Testing has proven that a naturally aspirated 86/FR-S/BRZ is faster on a lightweight 17×8/225 setup than 17×9/245. At the stock power levels, the car has to face the challenge of overcoming the increase in resistance of the tires and weight (unsprung and rotational) of 245/255 tires which is reported to have a greater effect on the car than you might expect. Quite a few guys started with skinny tires, and worked their way up, only to downsize again after finding 225 to generally be the fastest. (See Robispec, CSG)
My car is setup more for street and light HPDE, not auto-x. Auto-x focuses primarily on low speed turns and agility. A wider tire facilitates faster turning. The faster turning from a wider tires also translates onto a track. However, on a track you spend much more time accelerating and the wider tire also introduces more rolling resistance as well as more rotational inertia. At every road course, people have found the additional power put to the ground from having a skinnier tire has been more than worth the loss in raw cornering speed.
Operating temp. Skinnier tires will get up to their sweet spot faster, whereas it takes longer for a wider tire to heat up to its optimal temp. Car weight and power also play a factor in this. However, skinnier tires lack the heat capacity and people have found that they simply don’t last as long. I decided to stick with a skinner tire because I’m not a 10/10ths track racer and I doubt my style of driving and primary purpose of the car would warrant the need for anything larger than a 235 tire.
That said, there’s no denying the visual appeal of 18s and nice flush & meaty fitment, but for me, my tuning mentality is too engrained on a functional setup. At least for now anyway. Maybe I’ll decide to get another set of wheels and dedicate them for street use sometime in the future.
Clarkson, May, and Hammond often poke fun at people and cars, but there is one thing they always present with genuine sincerity: tributes. A fantastic close to yet another series of Top Gear.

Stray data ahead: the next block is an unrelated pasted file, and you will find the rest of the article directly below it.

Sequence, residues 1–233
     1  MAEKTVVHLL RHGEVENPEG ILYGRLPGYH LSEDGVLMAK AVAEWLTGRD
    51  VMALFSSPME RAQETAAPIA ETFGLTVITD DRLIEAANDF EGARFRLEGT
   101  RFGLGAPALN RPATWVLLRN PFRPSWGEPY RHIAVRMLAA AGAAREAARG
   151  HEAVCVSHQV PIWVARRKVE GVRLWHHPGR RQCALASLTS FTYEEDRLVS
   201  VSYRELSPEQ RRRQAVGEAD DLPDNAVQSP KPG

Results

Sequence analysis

It begs the question though – why does it seem people in other countries take such great pride in their handiwork and products, but Americans appear to not give a shit? Do we really not care or is it just not brought to consumer attention?
When discussing the West Coast import car scene, many associate Southern California as the mecca of import tuning. Known as the birthplace for several large scale car shows each featuring a different style of car modification from import to domestic, classic to dub style, and everything in between; extremely popular weekly and monthly meets; countless custom car shops; and just sheer quantity of cars, the Los Angeles area is seen as the center of it all.
Despite being in the same state, Northern California’s car scene has been largely underserved and undeveloped. However, in the last couple years, Northern California has quickly been making a name for itself thanks to the massive success of the Wekfest shows which originally started in an underground parking garage in San Francisco. Another event rising in popularity is a series of small Japanese classic car meets hosted by Historic Japanese Car Gathering. An alternative to the famous Japanese Classic Car Show (JCCS) held annually in Long Beach, HJCG has been attracting much attention thanks to some special guest appearances from Mary of the Ken and Mary’s (Kenmeri) Skyline fame stemming from a series of Nissan Skyline advertisements that were massively successful in Japan, and most recently, a visit from Yoshiya Watanabe, the owner of Rocky Auto, a well-known shop in Japan specializing in classic car restoration (which you can learn a little bit about in this video).
Having attended and being quite impressed with HJCG’s Bayline meet last year, I had no intention of missing this year’s event. Like last year, the Vintage Auto Salon was a small meet held in the San Leandro marina, a setting befitting the atmosphere and reminiscent of Japan. Attendance was good with a decent amount of cars participating in the meet and continuous stream of people walking around. In addition to a few vendors selling parts ranging from classic badges to motors and transmissions, there were also a few booths for attendees to purchase t-shirts, magazines, Hot Wheels, stickers, and other goodies. Mary and Watanabe-san each had a table were they could sign things for fans too.
In regards to the cars, the quality was pretty mixed with a few standout examples and others lacking in execution and taste. The cars featured in this post are those that caught my eye and I consider good, clean examples of classic Japanese cars.